The White House is discussing a renewal of Chevron Corp.’s license to operate in Venezuela despite sanctions on the country, said President Donald Trump’s top economic adviser, Larry Kudlow.
“It is under discussion,” Kudlow told reporters at the White House on Tuesday. “Chevron has done a great job. They have a long and illustrious tradition as you may know in Venezuela.”
Chevron is the only remaining U.S. oil major in Venezuela and wants to extend a waiver that is due to expire on July 27 to continue its joint venture with state-owned Petroleos de Venezuela SA.
The U.S. has refused to recognize Nicolas Maduro as the country’s president after an election last year. Financial sanctions have become its main tool for depriving the Venezuelan leader of cash and pressuring the military to turn against him. Oil purchases from Venezuela have become complicated since the U.S. expanded its sanctions regimen to include any business done with PDVSA, as the national oil company is known. Other companies, including Spain’s Repsol SA and Italy’s Eni SpA, continue to do business with Venezuela.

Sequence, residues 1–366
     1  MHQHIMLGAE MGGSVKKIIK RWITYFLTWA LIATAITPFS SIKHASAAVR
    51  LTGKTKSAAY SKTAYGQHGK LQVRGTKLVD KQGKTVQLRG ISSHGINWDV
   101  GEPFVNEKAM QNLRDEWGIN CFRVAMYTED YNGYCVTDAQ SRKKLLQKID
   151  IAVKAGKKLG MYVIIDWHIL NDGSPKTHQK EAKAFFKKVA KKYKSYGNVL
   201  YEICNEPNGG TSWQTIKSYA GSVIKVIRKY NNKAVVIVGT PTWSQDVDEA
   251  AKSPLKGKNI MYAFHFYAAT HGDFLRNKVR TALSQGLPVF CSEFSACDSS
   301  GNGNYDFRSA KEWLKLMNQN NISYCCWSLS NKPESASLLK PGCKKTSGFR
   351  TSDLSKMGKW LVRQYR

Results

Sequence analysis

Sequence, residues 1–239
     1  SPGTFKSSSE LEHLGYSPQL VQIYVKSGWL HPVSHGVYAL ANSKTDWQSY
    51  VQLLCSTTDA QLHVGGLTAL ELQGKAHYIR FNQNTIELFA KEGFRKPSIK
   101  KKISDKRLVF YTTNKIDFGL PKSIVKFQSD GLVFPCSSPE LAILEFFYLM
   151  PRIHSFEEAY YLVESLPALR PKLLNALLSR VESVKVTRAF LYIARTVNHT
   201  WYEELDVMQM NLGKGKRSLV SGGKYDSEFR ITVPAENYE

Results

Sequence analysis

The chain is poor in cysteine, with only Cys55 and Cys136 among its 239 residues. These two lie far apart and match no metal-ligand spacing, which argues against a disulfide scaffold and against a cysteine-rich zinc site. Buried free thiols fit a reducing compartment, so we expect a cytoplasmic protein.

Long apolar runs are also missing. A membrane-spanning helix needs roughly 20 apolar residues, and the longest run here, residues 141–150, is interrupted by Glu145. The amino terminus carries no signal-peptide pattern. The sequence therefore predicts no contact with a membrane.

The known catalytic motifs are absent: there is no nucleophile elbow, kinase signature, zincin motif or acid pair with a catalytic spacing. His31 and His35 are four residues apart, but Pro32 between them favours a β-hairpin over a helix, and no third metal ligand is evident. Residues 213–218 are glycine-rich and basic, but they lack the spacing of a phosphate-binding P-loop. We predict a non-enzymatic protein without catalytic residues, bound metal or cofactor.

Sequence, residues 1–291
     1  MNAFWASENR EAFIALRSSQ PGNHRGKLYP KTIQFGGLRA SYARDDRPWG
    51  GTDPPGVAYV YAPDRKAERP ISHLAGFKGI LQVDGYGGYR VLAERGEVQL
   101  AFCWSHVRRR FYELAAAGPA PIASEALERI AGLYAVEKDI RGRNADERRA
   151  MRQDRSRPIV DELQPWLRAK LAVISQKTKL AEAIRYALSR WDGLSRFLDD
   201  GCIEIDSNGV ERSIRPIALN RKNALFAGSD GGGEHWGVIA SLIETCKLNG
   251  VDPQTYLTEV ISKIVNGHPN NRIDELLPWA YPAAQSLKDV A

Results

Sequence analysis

Also See: Chevron Is Playing a Long Game in Venezuela’s Oil Fields
Chevron only got about 42,000 barrels of oil a day from its Venezuelan affiliate in 2018, roughly 1% of the company’s global output, but the country is home to the world’s largest oil reserves and is a potential bounty for oil companies if Maduro were to leave office.